Financial results announcements and political press releases are timed to ensure coverage. It holds leaders to account, probes business news, reports scientific breakthroughs. It’s not unknown for the Prime Minister to be grilled in the big-hitter slot, just after eight o’clock.

All this makes it doubly – triply – disturbing that we were so shocked to hear a reporter use the word ‘coruscating.’

Words can, of course, be used to exclude us. Or to obscure what’s being said. Sometimes it’s intentional – and sometimes not. Academics are among the worst offenders.

This morning I had to look up ‘ontological’ for the umpteenth time. It’s such a nebulous word that I can never quite pin it down. I’m sure people use it just because they, themselves, don’t really know what they mean.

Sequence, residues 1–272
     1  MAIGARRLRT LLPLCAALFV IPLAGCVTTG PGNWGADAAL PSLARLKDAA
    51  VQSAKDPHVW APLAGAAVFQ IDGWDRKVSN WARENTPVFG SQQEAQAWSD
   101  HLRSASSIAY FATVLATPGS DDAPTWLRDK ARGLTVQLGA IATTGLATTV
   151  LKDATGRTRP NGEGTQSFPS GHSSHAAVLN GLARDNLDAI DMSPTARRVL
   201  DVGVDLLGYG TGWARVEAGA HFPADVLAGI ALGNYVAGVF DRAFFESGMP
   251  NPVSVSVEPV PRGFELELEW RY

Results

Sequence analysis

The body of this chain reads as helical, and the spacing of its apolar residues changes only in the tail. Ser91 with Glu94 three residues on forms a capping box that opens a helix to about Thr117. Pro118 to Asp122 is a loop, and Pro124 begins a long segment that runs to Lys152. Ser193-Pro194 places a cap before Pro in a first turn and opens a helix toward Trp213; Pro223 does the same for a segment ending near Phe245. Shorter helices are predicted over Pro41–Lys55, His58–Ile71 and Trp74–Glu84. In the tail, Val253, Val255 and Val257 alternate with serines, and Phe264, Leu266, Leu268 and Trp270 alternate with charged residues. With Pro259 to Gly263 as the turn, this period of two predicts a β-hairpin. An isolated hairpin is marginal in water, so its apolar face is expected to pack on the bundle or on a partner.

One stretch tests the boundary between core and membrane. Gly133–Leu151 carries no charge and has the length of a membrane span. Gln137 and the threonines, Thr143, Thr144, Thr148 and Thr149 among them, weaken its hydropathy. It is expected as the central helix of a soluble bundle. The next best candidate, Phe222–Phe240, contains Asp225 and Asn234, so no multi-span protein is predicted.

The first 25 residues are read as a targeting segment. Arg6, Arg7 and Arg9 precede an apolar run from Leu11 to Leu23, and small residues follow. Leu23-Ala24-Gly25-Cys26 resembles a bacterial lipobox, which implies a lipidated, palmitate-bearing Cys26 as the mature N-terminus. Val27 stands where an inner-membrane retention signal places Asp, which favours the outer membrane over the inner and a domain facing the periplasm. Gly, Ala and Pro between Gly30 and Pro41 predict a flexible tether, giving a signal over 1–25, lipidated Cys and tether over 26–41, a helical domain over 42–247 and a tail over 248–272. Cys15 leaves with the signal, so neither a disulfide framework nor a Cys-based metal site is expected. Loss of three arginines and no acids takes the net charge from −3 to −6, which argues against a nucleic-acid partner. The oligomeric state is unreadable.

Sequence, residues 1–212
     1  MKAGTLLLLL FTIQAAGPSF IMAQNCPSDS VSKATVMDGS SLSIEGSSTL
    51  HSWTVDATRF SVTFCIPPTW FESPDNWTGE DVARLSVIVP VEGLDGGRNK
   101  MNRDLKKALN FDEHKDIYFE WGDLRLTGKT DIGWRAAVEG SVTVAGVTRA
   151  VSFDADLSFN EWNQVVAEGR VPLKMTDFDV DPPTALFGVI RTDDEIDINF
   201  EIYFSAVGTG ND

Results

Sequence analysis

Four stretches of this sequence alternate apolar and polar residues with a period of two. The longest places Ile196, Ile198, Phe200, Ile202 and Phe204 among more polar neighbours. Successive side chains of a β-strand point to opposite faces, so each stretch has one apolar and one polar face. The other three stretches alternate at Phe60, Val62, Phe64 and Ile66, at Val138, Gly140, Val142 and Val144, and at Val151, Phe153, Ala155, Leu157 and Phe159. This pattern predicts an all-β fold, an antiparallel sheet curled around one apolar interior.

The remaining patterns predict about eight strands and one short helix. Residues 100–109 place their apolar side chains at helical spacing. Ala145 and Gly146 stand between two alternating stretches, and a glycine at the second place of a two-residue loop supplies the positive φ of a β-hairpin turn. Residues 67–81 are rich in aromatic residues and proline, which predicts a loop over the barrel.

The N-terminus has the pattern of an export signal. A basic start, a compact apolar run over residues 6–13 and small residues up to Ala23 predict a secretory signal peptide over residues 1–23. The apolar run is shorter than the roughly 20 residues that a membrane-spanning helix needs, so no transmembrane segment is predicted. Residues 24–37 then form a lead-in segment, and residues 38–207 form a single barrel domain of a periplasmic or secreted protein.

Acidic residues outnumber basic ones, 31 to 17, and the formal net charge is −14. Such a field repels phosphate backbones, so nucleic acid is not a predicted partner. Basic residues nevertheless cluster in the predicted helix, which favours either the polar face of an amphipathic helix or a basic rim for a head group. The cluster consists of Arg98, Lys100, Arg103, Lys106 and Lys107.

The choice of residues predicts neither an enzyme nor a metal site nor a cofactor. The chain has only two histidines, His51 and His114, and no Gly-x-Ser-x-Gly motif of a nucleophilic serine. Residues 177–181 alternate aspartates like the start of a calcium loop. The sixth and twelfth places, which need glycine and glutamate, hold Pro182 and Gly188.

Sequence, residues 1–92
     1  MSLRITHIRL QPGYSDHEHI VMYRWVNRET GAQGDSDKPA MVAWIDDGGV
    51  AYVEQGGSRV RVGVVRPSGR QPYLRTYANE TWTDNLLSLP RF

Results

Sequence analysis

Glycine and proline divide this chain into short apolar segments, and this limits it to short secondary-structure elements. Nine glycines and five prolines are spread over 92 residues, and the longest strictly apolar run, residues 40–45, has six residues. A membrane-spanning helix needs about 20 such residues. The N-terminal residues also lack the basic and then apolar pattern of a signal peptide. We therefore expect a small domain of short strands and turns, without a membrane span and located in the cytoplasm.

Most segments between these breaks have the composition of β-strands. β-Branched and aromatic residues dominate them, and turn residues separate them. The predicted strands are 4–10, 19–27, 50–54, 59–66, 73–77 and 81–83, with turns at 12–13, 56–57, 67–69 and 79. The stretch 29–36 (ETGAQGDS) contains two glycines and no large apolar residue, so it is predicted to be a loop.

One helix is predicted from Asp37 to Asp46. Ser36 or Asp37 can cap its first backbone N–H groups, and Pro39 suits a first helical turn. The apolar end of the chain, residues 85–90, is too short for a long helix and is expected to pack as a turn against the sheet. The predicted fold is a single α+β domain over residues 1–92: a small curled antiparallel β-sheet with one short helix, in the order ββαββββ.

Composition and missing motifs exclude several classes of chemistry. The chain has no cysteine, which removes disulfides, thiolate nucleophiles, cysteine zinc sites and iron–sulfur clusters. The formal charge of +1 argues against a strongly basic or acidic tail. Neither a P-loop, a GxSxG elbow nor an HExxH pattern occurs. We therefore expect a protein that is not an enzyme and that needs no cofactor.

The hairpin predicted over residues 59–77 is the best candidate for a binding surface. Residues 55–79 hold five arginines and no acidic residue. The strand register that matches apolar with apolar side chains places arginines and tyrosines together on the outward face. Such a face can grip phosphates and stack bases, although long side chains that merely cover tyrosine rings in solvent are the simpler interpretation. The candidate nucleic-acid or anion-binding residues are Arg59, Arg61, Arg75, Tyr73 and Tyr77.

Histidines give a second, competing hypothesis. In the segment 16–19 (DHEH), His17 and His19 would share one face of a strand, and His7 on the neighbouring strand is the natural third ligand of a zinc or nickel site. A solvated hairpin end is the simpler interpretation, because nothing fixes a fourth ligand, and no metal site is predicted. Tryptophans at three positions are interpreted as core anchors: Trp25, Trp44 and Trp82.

Or perhaps because they do know what they mean, but they think it sounds too simple.

But back to the radio.

I’m wondering how it’s happened, this ‘reduction’ of popular language.

As one who grew up to value words and meanings, to understand their usage so that other people would understand me in turn, I find it perplexing. Bamboozling. Depressing.

One of the things I love about Liverpool – widely regarded as a non-conformist kind of place, but not particularly associated with erudition despite several rather good higher education establishments – is a sign near the city centre.

Anyone driving to a match at one of the two big football grounds will see it.

The sign reads ‘football stadia’. Not stadiums, stadia.

The BBC no longer lets its presenters do the plural thing with stadium. Or forum. Or any of those ummy words. But Liverpool does it.

Latin, I do realise, is far from being a familiar language to most people. But we used to say things like memoranda,  not so very long ago, without too much trouble.